Aswirly says:

on November 10, 2009 at 9:17 pm

What a wise and thoughtful reply. I’m sure he was touched to recieve it, just as we are touched to read it here.

Peter says:

on November 10, 2009 at 9:24 pm

Hi – thought I would put my 2 cents in too! Joe’s words are sound, but after reading the above comments can also add a couple of ideas/points. I think it is absolutely necessary to maintain an open mind and grab the opportunities that present themselves – and not be afraid of a detour along the way. My path has taken me fro roof thatcher/photog to senior vice president of a major corporation to dive instructor (last change was made at the age of 52). All this has taught me that ballast is important (trying a lot of different things) and that luck is something you make. My camera was on the shelf for far too many years and with my new life has come out again. So do as Joe suggested – travel, try stuff, sweep streets, serve breakfast – it will all help establish a sense of direction and give you some ballast to execute your vision with.

Daniel says:

on November 10, 2009 at 9:34 pm

Great words. You could have been a writer! Wait, you are a writer! HaHa.
Really, though I thought that words can only be equal to the time you took to write them. That’s what the world needs today…Mentors. Its so valuable yet so underappreciated and sought after.

Anyone care to mentor me?

Louis Pang says:

on November 10, 2009 at 9:54 pm

Joe: You have the rare double gifts writing and photographing so well…your biggest draw is always your down-to-earth honesty which is even rarer. We live in a time where photographers are propelled into larger-than-life rock stars. Yet you described your business as “not firing all cylinders”. I find this kind of gut level honesty very refreshing. That’s a big reason I want you to speak in my country. We could use your inspiration in photography, life and the Joe McNally honesty and down-to-earth approach.

Simon says:

on November 10, 2009 at 11:23 pm

Every time I read your blog I come away with something valuable – and not always related to photography. You are a truly great & inspirational human being whom I hope to be fortunate enough to meet one day in person.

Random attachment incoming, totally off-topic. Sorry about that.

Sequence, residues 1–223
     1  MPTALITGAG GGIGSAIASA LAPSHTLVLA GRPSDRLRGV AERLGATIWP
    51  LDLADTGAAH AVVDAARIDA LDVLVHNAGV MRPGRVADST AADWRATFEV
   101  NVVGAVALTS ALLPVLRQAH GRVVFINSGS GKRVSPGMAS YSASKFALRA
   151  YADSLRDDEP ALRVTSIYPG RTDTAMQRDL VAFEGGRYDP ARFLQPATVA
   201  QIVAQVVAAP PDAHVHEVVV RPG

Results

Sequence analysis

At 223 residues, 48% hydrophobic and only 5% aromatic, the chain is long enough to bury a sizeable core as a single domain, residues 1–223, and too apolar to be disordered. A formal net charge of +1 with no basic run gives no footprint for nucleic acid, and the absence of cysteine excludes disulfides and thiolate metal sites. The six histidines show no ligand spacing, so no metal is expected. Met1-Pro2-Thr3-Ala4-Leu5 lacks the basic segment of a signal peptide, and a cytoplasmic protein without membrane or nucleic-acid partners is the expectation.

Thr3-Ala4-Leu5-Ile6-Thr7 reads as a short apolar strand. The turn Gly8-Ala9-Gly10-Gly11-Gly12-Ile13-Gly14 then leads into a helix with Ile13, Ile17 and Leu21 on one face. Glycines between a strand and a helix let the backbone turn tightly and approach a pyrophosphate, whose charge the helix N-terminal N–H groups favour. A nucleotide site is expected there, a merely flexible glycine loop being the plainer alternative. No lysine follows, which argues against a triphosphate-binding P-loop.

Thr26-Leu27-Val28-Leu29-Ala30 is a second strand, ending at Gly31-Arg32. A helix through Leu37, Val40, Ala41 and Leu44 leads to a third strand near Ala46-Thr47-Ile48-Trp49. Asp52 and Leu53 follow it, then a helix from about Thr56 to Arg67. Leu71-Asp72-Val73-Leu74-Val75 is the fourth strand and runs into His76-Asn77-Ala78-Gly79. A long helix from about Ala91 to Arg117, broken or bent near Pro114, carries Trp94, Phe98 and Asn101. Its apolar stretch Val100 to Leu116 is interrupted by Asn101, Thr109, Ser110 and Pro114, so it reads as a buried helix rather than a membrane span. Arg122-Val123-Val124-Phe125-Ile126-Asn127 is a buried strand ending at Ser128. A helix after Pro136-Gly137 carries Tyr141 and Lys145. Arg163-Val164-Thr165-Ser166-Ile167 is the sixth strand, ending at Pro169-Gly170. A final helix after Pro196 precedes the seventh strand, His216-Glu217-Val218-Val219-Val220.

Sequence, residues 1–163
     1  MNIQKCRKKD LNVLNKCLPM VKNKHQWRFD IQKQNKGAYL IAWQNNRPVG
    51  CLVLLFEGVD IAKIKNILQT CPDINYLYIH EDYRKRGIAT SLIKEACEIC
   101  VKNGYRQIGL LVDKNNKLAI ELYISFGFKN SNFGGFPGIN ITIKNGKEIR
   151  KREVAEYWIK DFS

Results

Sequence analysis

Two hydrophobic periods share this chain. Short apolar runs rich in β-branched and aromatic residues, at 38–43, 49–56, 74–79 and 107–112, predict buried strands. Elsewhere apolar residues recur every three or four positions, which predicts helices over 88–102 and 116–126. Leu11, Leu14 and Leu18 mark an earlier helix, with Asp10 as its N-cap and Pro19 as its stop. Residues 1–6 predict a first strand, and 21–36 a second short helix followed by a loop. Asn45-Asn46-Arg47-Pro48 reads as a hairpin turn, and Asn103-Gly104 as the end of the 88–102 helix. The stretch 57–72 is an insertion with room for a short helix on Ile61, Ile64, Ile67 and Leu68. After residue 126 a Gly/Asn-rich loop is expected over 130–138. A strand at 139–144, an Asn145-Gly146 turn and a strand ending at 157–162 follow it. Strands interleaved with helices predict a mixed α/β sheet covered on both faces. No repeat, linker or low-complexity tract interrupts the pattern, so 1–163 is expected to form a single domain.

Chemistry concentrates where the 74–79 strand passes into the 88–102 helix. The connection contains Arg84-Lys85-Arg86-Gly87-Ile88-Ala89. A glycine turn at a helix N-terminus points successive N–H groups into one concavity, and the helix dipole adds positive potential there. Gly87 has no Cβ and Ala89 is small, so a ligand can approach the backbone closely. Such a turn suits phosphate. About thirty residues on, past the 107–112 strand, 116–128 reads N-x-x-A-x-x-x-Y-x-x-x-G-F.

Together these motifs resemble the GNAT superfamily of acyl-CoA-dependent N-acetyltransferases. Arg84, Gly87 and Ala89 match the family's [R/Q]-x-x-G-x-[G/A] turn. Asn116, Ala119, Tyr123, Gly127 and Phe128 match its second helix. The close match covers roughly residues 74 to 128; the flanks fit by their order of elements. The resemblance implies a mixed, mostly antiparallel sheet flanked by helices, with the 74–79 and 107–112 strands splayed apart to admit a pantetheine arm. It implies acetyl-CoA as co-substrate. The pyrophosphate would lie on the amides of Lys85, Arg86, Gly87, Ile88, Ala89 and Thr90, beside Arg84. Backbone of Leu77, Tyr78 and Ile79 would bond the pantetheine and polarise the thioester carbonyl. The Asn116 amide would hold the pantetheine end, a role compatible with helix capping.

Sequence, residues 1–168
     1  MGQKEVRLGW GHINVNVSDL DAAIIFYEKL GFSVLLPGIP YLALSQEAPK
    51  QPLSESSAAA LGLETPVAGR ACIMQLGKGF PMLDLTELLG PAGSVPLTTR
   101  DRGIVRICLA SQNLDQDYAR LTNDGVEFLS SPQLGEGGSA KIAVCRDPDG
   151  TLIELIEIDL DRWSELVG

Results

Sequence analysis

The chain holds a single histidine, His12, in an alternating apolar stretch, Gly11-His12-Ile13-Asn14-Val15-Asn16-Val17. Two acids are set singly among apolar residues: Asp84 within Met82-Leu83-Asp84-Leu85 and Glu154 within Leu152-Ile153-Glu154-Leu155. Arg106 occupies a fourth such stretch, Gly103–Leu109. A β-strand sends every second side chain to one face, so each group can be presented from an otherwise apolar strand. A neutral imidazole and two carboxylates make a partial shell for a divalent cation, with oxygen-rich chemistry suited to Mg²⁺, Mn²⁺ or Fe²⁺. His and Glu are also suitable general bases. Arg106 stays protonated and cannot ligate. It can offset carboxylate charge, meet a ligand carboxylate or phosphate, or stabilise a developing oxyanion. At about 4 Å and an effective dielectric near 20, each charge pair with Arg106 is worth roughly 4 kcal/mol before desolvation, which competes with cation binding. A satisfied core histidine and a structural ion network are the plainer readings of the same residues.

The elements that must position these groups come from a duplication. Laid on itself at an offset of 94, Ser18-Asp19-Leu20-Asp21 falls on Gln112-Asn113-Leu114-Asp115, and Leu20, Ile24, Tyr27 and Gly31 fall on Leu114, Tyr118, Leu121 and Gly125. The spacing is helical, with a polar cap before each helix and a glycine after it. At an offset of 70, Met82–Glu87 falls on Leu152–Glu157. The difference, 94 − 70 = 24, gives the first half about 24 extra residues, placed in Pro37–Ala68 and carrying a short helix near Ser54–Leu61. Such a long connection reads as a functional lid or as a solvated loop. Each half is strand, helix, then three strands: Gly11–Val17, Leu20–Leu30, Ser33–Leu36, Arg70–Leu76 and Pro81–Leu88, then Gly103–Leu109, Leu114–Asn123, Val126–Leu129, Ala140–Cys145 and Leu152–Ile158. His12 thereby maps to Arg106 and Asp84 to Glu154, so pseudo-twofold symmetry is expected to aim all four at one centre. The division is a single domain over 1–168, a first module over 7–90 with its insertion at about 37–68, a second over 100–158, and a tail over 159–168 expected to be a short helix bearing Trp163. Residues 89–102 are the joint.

Thanks Joe

Jack Thompson says:

on November 10, 2009 at 11:24 pm

Hey Joe, I just turned thirteen and spent my birthday in my birhplace NYC, NY on the weekend. I love photography, and I only discovered it last year when I borowed my dads Nikormat and shot some black and white around my house, This post is just plain inspiring, on so many levels, my ambition is to study journalism at NYU, I really got the inspiration to do that when I bought your book The Momment It Clicks, since I bought that, I have built a base of freinds from photographing them skiing, Its my biggest pleasure to go out and just shoot, and my favourite satifaction when I say “I got the shot” and look at my LCD.

Thanks for the inpiration, I get it everytime I read your blog!
Jack Thompson

Bill M says:

on November 10, 2009 at 11:24 pm

Thanks. Really.

This isn’t just a letter to a youngster. It’s a letter to anybody struggling to find their way.

Barbara Molyneaux says:

on November 10, 2009 at 11:48 pm

Reading your post sent me to search for a newspaper photo I remember. I found it. You are standing in front of your exhibit, “Song of the North Sea” which was on view in the Newhouse Lobby. It was a big deal then. That irresistible force has been pulling you for a long time… and then it seems like yesterday.

Ashley says:

on November 11, 2009 at 12:06 am


My dad was from Lowestoft.

Gotta love Joe!

Randy Frost says:

on November 11, 2009 at 12:28 am

I hope you don’t plan on putting the jalopy in park anytime soon to pursue that crazy writing idea you had years back.

It is nice to see that the guys you look up to or aspire to be like, still ponder the direction they are going.